The command which Christ gives to the servants is a very simple one. There are set there six waterpots of stone containing altogether about a hundred and twenty gallons. Too much store, it may be, did that household place in these outward purifyings which cannot cleanse the soul. A deeper work did they need, and one that none other could perform for them but that Guest who then stood in their midst. Not the water in those waterpots, but that precious blood which He would shed — could remove those guilty stains which defile the inner man.
Jesus bids the servants fill the water-pots with water, and not doubting the wisdom of the command, they fill them up to the brim. In a moment the change is effected. He who in His ordinary providence makes the vine to give her clusters, and thus bestows the wine that makes glad the heart of man — now dispenses with the intermediate steps, and bestows by His miraculous power, the wine that was requisite.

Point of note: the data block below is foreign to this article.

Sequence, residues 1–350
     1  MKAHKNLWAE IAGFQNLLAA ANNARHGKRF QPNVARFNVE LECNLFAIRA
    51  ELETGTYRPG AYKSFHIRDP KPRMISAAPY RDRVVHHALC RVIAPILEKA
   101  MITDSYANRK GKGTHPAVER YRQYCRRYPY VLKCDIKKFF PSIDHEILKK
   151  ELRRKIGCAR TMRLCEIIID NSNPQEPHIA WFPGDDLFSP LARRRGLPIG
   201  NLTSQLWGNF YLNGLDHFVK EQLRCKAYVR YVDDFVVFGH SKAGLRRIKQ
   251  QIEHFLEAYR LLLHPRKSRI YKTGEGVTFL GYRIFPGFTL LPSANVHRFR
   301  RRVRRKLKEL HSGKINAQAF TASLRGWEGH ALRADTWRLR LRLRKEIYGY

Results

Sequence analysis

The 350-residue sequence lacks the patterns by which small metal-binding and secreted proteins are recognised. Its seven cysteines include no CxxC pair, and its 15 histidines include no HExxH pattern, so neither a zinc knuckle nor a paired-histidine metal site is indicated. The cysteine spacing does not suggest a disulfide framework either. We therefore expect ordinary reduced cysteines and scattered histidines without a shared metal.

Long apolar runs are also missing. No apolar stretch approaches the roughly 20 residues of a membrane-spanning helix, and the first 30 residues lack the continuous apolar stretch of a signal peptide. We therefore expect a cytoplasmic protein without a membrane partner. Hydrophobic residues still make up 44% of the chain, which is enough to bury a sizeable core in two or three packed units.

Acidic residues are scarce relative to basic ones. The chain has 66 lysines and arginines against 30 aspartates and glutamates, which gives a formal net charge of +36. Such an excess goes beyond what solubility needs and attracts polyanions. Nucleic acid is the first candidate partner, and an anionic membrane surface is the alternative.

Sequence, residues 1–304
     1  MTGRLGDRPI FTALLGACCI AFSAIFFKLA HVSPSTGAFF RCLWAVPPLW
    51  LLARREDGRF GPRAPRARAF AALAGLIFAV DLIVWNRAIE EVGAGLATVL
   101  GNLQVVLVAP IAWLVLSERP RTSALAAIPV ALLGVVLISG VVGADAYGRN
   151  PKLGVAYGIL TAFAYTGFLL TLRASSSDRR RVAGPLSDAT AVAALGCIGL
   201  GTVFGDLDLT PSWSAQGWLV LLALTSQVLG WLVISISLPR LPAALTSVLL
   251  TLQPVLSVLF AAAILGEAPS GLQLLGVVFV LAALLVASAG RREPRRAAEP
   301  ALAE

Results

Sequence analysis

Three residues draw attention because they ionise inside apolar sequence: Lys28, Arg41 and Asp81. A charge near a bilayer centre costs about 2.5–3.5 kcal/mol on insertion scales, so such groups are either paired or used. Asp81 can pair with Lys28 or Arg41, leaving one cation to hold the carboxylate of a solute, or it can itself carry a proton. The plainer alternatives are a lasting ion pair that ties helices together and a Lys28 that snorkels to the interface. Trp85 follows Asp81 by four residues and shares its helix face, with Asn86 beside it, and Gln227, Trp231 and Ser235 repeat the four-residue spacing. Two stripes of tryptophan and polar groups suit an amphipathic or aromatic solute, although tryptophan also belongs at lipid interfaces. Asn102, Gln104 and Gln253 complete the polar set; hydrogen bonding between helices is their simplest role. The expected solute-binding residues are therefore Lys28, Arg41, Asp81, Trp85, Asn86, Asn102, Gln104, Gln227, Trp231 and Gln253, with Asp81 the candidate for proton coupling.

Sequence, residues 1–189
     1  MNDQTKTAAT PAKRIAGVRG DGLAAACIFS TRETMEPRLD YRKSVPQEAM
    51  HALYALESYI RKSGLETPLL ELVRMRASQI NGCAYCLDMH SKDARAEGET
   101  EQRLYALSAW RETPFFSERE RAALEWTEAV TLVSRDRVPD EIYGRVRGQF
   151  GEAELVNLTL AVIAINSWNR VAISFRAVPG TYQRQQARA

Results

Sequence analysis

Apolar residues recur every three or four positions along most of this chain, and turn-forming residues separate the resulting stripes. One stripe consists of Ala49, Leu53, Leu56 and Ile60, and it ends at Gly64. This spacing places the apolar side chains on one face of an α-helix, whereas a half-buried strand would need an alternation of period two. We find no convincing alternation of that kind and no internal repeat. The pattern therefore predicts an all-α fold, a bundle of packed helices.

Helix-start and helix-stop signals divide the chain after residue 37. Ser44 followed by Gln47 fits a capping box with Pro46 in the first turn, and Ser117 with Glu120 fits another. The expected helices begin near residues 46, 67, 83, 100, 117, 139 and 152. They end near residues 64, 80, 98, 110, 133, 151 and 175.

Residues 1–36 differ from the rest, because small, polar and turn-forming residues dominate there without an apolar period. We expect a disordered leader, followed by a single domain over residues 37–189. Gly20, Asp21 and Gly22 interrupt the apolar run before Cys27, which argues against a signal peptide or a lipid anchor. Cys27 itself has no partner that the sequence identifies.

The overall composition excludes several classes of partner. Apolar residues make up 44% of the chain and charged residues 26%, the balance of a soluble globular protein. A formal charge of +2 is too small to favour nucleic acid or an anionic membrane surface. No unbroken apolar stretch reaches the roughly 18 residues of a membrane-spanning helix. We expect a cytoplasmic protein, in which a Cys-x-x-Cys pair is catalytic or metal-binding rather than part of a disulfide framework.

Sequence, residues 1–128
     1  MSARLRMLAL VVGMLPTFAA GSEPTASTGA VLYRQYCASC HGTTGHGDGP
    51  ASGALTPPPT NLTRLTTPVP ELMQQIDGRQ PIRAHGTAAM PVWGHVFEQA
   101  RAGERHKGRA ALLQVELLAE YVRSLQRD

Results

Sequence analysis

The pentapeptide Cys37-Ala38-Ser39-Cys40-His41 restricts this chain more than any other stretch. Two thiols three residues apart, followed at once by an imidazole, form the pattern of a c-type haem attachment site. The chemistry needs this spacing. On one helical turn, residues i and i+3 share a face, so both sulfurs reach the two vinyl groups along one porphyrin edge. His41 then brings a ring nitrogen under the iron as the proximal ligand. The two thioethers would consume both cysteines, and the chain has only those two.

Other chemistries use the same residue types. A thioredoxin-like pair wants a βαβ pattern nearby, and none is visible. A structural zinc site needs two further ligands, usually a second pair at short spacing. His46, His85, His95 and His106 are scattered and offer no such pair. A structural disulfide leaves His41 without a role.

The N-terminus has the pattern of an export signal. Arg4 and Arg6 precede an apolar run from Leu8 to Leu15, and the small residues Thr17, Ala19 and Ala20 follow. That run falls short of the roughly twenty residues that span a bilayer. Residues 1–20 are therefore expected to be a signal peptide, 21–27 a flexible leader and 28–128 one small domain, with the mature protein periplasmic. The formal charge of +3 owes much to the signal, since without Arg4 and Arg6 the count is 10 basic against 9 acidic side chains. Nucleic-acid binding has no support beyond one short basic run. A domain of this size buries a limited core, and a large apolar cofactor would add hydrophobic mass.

The servants are first conscious of what Christ has wrought, and bring of the new-made wine to the ruler of the feast. The ruler of the feast was one who presided for the purpose of maintaining order, and of relieving the bridegroom from unnecessary anxiety as to the due entertainment of those present. He tastes the fresh wine, and knowing not whence it is, bears a testimony to its excellence. In a tone of pleasant raillery he calls the bridegroom aside, and says, "Everyone brings out the choice wine first and then the cheaper wine after the guests have had too much to drink; but you have saved the best till now." John 2:10
Deferring to another chapter some thoughts that arise with reference to the glory of Christ as manifested in this miracle, let us from these last words lay to heart a lesson that has been drawn from them.